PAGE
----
Letter | Published:

Reconstitution of human telomerase with the template RNA component hTR and the catalytic protein subunit hTRT

Nature Genetics volume 17, pages 498502 (1997) | Download Citation

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Abstract

The maintenance of chromosome termini, or telomeres, requires the action of the enzyme telomerase, as conventional DNA poly-merases cannot fully replicate the ends of linear molecules1–4. Telomerase is expressed and telomere length is maintained in human germ cells and the great majority of primary human tumours5,6. However, telomerase is not detectable in most normal somatic cells; this corresponds to the gradual telomere loss observed with each cell division7–9. It has been proposed that telomere erosion eventually signals entry into senescence or cell crisis and that activation of telomerase is usually required for immortal cell proliferation10. In addition to the human telomerase RNA component (hTR; ref. 11), TP1/TLP1 (refs 12,13), a protein that is homologous to the p80 protein associated with the Tetrahymena enzyme14, has been identified in humans. More recently, the human telomerase reverse transcriptase (hTRT; refs 15, 16), which is homologous to the reverse transcriptase (RT)-like proteins associated with the Euplotes aediculatus (Ea_p123), Saccharomyces cerevisiae (Est2p) and Schizosaccharomyces pombe (SpTrt!) telomerases15,17, has been reported to be a telomerase protein subunit. A catalytic function has been demonstrated for Est2p in the RT-like class but not for p80 or its homologues17,18. We now report that in vitro transcription and translation of hTRT when co-synthesized or mixed with hTR reconstitutes telomerase activity that exhibits enzymatic properties like those of the native enzyme. Single amino-acid changes in conserved telomerase-specific and RT motifs reduce or abolish activity, providing direct evidence that hTRT is the catalytic protein component of telomerase. Normal human diploid cells transiently expressing hTRT possessed telomerase activity, demonstrating that hTRT is the limiting component necessary for restoration of telomerase activity in these cells. The ability to reconstitute telomerase permits further analysis of its biochemical and biological roles in cell aging and carcinogenesis.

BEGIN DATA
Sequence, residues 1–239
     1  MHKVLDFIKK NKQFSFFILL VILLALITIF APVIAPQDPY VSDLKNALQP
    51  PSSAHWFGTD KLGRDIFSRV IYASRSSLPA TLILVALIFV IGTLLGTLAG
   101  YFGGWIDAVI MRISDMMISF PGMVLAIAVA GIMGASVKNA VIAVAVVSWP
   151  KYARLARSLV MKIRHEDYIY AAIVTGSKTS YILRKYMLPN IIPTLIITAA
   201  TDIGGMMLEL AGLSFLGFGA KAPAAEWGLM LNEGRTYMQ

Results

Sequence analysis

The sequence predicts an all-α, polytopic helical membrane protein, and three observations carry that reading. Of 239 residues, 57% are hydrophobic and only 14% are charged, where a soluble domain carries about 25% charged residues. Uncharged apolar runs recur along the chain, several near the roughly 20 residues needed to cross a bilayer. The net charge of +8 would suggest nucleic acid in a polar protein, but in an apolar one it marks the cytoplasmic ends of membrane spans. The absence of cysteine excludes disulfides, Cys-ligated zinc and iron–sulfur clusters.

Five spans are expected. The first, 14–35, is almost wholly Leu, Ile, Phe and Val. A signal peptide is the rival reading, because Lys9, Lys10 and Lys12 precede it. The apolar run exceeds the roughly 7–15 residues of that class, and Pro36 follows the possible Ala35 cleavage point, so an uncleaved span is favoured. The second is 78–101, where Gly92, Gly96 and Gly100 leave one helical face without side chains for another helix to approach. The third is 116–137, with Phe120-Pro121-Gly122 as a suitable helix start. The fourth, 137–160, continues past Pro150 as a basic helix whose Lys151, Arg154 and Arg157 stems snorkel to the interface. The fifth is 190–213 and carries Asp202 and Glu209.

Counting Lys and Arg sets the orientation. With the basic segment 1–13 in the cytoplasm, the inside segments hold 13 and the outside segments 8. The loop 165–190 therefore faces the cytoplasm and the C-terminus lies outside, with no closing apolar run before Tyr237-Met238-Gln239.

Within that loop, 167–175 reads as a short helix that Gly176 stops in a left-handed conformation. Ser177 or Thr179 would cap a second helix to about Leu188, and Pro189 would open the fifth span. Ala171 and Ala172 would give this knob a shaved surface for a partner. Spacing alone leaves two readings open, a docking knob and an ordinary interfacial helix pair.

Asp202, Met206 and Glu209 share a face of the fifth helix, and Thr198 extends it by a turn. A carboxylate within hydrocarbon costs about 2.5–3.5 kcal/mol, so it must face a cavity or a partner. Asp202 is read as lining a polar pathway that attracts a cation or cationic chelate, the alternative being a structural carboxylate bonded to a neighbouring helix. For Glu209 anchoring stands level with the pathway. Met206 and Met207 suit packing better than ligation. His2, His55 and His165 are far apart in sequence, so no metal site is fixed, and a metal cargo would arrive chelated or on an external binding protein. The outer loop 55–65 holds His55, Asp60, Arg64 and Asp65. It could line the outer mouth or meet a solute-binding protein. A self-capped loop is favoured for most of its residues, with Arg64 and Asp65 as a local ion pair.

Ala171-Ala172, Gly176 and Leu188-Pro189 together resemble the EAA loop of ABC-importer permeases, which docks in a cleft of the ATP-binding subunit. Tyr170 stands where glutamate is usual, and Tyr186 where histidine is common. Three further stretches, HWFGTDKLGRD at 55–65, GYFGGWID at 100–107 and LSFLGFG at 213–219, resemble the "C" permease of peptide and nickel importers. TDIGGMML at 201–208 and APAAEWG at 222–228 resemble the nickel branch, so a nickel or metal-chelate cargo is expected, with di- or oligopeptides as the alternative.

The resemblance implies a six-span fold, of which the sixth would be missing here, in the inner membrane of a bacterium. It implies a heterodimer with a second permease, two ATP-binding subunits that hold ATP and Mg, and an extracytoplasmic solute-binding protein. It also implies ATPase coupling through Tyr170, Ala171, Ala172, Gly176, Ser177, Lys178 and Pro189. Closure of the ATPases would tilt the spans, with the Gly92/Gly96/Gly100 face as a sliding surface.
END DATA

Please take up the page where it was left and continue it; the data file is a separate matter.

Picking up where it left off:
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Affiliations

  1. Geron Corporation, 230 Constitution Drive, Menlo Park, Calfornia 94025, USA.

    • Scott L. Weinrich
    • , Ron Pruzan
    • , Libin Ma
    • , Andrea G. Bodnar
    • , Serge Lichtsteiner
    • , Nam W. Kim
    • , James B. Trager
    • , Rebecca D. Taylor
    • , Ruben Carlos
    • , William H. Andrews
    • , Calvin B. Harley
    •  & Gregg B. Morin
  2. The University of Texas Southwestern Medical Center, Department of Cell Biology and Neuroscience, 5323 Harry Hines Boulevard, Dallas, Texas 75235-9039, USA.

    • Michel Ouellette
    • , Valeric M. Tesmer
    • , Shawn E. Holt
    • , Woodring E. Wright
    •  & Jerry W. Shay
  3. Current address: EOS Biotechnology, 750 Gateway Blvd., So. San Francisco, CA, 94080, USA.

    • William H. Andrews

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Correspondence to Gregg B. Morin.

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https://doi.org/10.1038/ng1297-498

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